May 16, 1984. Rehearing Denied July 18, 1984.
Appeal from the 32nd District Court, Fisher County, Weldon Kirk, J.
Jimmy Horany, Thomas W. Schueller, Barry L. Macha, Wichita Falls, for petitioners.
Moore, Dickson, Roberts and Ratliff, R. Temple Dickson, Sweetwater, Stubbeman, McRae, Sealy, Laughlin Browder, Rodney W. Satterwhite and Marc L. Skeen, Midland, for respondents.
This is an appeal from a summary judgment granted Lion Oil Company, Monsanto Company, Saxon Oil Company and Bill D. Saxon (Oil Companies). The underlying issue is whether alleged damages to Bayouth's and Pope's lands are permanent or temporary. The trial court granted the Oil Companies' motion for summary judgment, holding the damages alleged were permanent as a matter of law and, therefore, barred by the two year statute of limitations. Tex.Rev.Civ.Stat.Ann. art. 5526 (Vernon Supp. 1984). The court of appeals affirmed the summary judgment. 651 S.W.2d 423. We reverse the judgments of those courts and remand the cause to the trial court.
Frank Bayouth and J.B. Pope sued the Oil Companies for permanent damages to their land caused by salt water migration from the Oil Companies' leases. In their original petition, filed on April 15, 1976, Bayouth alleged that on October 10, 1970, he first observed moisture and salt water crystals near some old seismograph holes on his land; Pope alleged that on or about October 25, 1971, he first noticed salt crystals and moisture on the surface of his land. They alleged that the salt water continued to spread causing permanent damage and contamination to their land.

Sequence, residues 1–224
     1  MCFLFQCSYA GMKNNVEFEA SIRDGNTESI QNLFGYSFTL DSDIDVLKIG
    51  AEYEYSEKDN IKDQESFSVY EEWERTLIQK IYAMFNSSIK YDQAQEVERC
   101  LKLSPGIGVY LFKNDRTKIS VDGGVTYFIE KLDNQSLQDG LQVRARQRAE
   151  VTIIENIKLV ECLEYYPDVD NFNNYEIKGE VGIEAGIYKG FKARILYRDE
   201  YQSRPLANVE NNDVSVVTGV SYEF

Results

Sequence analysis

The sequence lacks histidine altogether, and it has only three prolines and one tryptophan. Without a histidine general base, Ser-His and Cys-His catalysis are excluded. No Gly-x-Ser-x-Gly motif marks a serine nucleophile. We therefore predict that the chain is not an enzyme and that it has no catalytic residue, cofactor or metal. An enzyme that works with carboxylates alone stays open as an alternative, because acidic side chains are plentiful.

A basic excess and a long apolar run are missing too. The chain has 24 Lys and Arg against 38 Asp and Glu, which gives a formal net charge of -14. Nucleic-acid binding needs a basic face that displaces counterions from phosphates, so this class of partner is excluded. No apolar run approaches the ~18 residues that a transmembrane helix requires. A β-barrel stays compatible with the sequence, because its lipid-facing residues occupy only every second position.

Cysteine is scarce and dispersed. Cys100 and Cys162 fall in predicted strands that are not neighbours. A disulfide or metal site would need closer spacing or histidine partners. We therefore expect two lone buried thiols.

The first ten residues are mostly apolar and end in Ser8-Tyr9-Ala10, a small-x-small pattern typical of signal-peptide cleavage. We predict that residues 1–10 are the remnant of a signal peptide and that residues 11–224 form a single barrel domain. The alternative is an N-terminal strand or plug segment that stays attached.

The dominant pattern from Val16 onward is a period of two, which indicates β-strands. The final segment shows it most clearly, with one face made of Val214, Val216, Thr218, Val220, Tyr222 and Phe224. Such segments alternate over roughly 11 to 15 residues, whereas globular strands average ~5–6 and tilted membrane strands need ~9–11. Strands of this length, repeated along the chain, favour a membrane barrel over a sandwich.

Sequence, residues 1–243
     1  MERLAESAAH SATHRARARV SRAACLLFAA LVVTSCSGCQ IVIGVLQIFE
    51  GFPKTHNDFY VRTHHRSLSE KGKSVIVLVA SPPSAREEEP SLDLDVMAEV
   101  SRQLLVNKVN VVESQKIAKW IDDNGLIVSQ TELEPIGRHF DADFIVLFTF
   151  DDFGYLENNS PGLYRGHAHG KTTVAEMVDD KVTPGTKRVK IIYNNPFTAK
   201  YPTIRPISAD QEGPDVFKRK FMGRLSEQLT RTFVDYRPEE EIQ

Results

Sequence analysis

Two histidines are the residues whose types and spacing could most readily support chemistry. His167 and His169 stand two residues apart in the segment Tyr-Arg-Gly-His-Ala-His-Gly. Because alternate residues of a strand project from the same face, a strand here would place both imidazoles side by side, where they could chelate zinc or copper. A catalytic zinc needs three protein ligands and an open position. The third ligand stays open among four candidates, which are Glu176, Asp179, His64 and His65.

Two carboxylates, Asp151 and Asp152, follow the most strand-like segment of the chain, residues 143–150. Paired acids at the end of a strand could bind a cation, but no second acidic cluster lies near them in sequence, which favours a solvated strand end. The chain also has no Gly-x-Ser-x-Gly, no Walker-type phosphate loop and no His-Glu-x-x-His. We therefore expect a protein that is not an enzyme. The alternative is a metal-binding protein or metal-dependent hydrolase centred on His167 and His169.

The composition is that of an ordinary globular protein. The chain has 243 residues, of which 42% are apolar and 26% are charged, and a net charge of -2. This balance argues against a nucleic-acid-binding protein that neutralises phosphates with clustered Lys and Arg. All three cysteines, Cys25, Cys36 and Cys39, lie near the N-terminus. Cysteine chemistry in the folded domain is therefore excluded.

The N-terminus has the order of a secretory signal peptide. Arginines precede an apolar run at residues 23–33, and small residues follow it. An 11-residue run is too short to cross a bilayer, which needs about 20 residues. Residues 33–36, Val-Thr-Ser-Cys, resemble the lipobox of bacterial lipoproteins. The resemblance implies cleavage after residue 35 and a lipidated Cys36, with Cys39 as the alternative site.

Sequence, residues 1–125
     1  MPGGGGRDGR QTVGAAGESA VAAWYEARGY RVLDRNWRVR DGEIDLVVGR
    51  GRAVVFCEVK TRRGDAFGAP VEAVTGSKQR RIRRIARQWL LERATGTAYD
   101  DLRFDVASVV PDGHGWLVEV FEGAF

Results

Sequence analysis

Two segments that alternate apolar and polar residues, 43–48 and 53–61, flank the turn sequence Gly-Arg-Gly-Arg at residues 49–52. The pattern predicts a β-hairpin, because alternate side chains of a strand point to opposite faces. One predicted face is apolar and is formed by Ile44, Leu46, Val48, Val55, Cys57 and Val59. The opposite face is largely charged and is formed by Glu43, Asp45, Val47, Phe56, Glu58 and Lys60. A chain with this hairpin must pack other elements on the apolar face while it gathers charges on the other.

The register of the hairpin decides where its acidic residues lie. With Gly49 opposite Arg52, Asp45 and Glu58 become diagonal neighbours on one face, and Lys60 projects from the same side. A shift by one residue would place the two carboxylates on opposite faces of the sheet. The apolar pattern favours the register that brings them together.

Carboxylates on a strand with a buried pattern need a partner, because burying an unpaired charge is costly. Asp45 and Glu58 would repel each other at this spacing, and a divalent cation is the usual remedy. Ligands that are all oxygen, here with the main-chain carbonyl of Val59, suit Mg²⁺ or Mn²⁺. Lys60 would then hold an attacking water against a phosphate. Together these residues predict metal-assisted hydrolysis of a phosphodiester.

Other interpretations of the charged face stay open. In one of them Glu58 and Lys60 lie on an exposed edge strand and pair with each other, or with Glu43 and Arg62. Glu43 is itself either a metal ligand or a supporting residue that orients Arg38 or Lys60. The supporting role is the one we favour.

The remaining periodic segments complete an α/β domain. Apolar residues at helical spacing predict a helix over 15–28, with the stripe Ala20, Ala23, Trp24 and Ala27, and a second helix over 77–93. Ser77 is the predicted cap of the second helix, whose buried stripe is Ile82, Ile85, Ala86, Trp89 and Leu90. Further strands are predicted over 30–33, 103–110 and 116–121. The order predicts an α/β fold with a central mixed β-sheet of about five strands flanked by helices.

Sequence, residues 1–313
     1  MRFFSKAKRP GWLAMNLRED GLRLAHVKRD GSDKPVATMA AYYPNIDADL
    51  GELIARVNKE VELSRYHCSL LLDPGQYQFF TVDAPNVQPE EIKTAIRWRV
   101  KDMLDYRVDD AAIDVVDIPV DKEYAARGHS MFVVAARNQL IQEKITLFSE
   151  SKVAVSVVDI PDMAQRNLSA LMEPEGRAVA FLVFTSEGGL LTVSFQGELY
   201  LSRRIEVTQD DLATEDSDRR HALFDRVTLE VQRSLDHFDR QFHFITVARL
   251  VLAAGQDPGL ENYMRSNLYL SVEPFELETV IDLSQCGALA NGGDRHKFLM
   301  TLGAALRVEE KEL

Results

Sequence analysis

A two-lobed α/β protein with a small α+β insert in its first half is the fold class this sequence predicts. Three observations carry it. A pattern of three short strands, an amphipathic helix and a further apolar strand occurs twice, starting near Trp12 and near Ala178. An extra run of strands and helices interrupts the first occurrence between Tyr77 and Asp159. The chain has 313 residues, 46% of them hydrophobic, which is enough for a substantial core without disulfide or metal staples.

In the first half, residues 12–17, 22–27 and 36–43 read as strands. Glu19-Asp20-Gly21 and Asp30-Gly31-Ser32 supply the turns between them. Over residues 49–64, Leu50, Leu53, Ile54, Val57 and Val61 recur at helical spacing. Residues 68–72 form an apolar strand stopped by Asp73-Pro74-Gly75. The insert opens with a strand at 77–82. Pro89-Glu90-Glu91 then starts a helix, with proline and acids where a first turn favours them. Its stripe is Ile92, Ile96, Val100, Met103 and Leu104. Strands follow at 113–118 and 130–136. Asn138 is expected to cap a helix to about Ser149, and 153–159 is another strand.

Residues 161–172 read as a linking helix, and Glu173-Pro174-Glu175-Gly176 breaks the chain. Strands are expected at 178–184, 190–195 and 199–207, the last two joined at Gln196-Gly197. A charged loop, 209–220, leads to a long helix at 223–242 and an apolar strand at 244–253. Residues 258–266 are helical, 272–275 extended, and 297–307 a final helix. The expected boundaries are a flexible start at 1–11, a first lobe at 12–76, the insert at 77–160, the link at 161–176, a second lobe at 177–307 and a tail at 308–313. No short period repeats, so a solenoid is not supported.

The Oil Companies moved for a summary judgment alleging the two year statute of limitations had run on a cause of action for permanent damages. Bayouth and Pope filed an amended original petition alleging temporary damages. The trial court granted the summary judgment finding no genuine issue of material fact. The court of appeals held as a matter of law the damages to the land were permanent and barred by the two year statute of limitations.
The landowners attached to their response to the motion for summary judgment, affidavits of Keith Justice and Jeff Puckett. Justice, a soil scientist, in his affidavit, stated:
It is my opinion that the damaged area of both the Bayouth and Pope farms, because of the contamination from the salt water that has spread across parts of both farms is a temporary damage.
Puckett, a geologist, in his affidavit, also stated the damage was temporary. He further stated:
. . . it is my opinion and I know that said damage was sporadic and was intermittent and that it was not constant, but was irregular depending upon the rainfall for many years to flow, move, and force the salt water to the farms causing the damage to the lands at irregular intervals.
In reviewing a summary judgment record, we must determine whether a disputed material fact issue exists that would preclude a summary judgment. Every reasonable inference must be indulged in favor of the non-movants and any doubts resolved in their favor. Wilcox v. St. Mary's University of San Antonio, Inc., 531 S.W.2d 589 (Tex. 1975).